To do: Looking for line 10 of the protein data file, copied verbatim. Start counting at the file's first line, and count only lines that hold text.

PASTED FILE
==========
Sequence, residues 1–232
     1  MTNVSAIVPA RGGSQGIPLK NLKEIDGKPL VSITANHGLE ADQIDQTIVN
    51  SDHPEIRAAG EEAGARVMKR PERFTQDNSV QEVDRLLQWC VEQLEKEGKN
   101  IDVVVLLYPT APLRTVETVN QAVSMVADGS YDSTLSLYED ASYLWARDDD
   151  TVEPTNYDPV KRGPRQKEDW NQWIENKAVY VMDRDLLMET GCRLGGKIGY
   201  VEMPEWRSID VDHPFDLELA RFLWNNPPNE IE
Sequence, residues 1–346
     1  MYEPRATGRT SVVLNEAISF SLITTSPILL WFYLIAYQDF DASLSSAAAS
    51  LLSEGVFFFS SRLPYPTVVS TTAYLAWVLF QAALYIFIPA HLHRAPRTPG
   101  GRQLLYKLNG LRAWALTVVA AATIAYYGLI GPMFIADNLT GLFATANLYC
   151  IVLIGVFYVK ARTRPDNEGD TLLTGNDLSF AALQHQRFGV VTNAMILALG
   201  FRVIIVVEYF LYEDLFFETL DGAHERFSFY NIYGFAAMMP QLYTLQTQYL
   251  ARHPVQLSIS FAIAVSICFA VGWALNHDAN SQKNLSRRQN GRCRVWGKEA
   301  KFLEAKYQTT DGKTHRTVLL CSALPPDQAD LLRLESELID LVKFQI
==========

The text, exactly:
   101  GRQLLYKLNG LRAWALTVVA AATIAYYGLI GPMFIADNLT GLFATANLYC